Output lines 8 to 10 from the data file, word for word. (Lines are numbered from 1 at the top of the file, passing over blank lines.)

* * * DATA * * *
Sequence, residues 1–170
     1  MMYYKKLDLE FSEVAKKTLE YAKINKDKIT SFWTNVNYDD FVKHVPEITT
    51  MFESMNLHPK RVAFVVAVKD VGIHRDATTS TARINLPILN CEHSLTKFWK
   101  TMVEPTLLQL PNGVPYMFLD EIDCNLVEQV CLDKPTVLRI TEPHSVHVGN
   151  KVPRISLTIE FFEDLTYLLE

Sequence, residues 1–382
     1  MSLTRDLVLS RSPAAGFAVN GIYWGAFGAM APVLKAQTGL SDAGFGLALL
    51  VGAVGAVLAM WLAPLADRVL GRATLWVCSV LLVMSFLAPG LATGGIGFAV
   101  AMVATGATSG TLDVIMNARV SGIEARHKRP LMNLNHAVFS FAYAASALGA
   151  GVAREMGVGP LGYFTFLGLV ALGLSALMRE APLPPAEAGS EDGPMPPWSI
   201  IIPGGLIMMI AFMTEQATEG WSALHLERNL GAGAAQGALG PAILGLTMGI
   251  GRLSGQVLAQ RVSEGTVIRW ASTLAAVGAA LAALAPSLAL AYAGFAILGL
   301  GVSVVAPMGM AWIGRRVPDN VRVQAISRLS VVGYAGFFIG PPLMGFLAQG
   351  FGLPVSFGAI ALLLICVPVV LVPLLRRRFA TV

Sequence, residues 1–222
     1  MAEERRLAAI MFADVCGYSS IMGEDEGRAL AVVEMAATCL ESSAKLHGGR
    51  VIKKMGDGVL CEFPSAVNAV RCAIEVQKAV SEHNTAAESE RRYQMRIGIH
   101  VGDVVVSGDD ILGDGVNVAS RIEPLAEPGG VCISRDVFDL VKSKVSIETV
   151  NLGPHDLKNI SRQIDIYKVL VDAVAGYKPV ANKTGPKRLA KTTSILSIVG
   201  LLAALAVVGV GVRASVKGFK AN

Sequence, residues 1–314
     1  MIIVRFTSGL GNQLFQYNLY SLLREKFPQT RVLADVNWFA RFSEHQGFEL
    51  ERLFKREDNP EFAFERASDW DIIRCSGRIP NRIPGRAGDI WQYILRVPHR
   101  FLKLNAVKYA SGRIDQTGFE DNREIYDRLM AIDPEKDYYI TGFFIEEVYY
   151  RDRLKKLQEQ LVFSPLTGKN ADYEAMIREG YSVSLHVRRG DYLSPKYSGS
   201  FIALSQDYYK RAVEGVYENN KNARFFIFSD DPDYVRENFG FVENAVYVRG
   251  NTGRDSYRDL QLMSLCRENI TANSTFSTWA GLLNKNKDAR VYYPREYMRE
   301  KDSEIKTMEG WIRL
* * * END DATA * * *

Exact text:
    51  VGAVGAVLAM WLAPLADRVL GRATLWVCSV LLVMSFLAPG LATGGIGFAV
   101  AMVATGATSG TLDVIMNARV SGIEARHKRP LMNLNHAVFS FAYAASALGA
   151  GVAREMGVGP LGYFTFLGLV ALGLSALMRE APLPPAEAGS EDGPMPPWSI